Monday, December 1, 2014

Louisa Treger

Born in London, Louisa Treger began her career as a classical violinist. She studied at the Royal College of Music and the Guildhall School of Music, and worked as a freelance orchestral player and teacher.

Treger subsequently turned to literature, gaining a First Class degree and a PhD in English at University College London, where she focused on early twentieth century women’s writing. Married with three children, she lives in London.

Treger's new book, her first novel, is The Lodger.

Last month I asked the author about what she was reading. Her reply:
I have two books on the go at the moment, both completely different and both brilliant.

The first is We Are All Completely Beside Ourselves by Karen Joy Fowler. This novel is best read without any prior knowledge of the plot, so I’ll just say that it begins when Rosemary Cooke, the narrator, is 22, and gets arrested for throwing a glass of milk in her college canteen. Her sister vanished when she was 5, and she hasn’t seen her brother for 11 years, but she knows he is wanted by the FBI. The narrative keeps turning back on itself, disclosing through Rosemary’s memories the traumatic events that led to these absences. It is continually surprising, funny, tragic, complex and unsettling, exploring what it means to be human - and humane. I am nearly at the end, and I love it so much that I keep putting it away because I can’t bear to finish it – I know I’m going to feel utterly bereft when I do.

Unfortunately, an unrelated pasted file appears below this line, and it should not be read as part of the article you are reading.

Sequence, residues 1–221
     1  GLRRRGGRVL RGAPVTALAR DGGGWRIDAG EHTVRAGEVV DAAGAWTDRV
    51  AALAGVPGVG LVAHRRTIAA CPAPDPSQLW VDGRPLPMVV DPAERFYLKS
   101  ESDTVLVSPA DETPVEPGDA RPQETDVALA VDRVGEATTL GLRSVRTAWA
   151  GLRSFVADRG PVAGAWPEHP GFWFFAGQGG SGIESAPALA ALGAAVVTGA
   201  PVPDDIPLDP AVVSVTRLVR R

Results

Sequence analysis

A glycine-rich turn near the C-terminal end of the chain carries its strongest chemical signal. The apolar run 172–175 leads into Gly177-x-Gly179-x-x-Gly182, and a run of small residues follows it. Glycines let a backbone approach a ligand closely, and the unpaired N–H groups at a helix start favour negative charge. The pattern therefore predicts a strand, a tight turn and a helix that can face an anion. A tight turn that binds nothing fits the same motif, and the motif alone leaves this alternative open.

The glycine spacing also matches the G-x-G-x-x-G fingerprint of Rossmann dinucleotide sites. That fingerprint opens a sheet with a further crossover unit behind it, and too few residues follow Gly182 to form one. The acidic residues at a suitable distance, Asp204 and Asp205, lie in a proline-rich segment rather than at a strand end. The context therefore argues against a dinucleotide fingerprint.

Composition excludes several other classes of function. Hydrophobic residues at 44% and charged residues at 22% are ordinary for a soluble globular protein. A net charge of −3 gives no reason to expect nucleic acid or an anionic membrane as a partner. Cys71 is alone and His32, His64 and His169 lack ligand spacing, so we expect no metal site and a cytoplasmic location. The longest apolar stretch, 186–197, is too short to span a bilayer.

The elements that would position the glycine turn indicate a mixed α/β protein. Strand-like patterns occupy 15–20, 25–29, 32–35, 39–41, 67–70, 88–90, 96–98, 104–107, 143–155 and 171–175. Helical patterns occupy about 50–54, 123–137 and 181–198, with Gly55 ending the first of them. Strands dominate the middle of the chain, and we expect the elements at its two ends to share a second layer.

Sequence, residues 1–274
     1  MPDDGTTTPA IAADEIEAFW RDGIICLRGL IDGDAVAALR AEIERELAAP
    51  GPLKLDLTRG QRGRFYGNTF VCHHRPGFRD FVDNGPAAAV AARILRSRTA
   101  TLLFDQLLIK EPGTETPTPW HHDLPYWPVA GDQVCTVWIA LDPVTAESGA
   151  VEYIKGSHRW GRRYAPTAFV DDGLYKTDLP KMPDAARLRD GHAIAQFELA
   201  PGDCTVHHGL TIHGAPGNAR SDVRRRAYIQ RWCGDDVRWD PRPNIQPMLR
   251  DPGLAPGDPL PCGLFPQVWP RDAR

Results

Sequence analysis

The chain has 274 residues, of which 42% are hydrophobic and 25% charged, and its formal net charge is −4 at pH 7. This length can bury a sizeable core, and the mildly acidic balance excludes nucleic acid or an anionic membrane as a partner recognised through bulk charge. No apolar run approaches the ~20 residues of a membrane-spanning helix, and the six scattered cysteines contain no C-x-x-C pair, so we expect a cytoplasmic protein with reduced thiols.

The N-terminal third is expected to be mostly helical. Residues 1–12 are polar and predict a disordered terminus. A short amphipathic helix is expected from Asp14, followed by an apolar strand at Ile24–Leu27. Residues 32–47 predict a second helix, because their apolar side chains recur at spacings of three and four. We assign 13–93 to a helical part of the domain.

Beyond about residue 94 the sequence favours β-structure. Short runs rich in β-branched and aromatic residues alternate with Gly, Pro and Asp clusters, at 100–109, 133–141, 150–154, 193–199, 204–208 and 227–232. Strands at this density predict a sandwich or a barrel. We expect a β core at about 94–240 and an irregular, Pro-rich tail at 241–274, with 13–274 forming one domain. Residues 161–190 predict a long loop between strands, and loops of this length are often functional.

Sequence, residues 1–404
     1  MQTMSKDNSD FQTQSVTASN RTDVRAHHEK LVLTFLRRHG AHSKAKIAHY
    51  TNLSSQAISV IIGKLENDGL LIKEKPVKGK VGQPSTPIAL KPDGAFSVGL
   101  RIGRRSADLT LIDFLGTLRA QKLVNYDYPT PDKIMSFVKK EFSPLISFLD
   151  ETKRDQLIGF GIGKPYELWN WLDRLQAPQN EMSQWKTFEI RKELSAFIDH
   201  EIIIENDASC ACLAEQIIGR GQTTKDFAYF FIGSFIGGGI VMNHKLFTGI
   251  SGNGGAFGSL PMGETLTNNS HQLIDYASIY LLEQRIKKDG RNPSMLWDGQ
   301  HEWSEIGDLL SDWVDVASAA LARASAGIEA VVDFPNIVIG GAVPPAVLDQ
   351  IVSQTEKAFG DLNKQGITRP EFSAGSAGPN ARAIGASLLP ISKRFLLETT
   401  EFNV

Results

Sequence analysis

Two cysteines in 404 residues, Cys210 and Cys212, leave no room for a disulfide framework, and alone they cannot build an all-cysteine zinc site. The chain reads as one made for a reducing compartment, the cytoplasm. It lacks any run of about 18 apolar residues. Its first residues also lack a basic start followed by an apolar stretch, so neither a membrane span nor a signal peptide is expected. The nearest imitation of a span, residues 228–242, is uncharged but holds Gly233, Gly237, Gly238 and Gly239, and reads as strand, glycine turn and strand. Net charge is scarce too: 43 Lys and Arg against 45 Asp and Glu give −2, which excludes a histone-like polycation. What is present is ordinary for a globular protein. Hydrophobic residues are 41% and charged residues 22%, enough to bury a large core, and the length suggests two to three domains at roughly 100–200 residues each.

The second book is Katherine Mansfield and Virginia Woolf: A Public of Two, by Angela Smith, an examination of the relationship between these fascinating authors. I knew they were rivals: Virginia Woolf once said that Katherine Mansfield’s was ‘the only writing I have ever been jealous of’. What I didn’t realise is that they had an intense friendship as well, sharing ‘a queer sense of being like’. Their writerly preoccupations mirrored each other’s, and they felt able discuss their ideas together in a way they couldn’t with anyone else. After Katherine died, Virginia wrote: ‘Still there are things about writing I think of & want to tell Katherine … I have the feeling that I shall think of her at intervals all through life. Probably we had something in common which I shall never find in anyone else.’

This intelligent and incisive book is full of lovely quotes from their fiction, letters and diaries. I particularly enjoyed those about writing, finding echoes of my own thoughts and ideas in them, only they expressed with great eloquence the things that I fumble to say. Such as: 'The English language is damned difficult but it’s also damned rich & so clear & bright that you can search out the darkest places with it’ Katherine Mansfield.
Visit Louisa Treger's website.

The Page 69 Test: The Lodger.

My Book, The Movie: The Lodger.

--Marshal Zeringue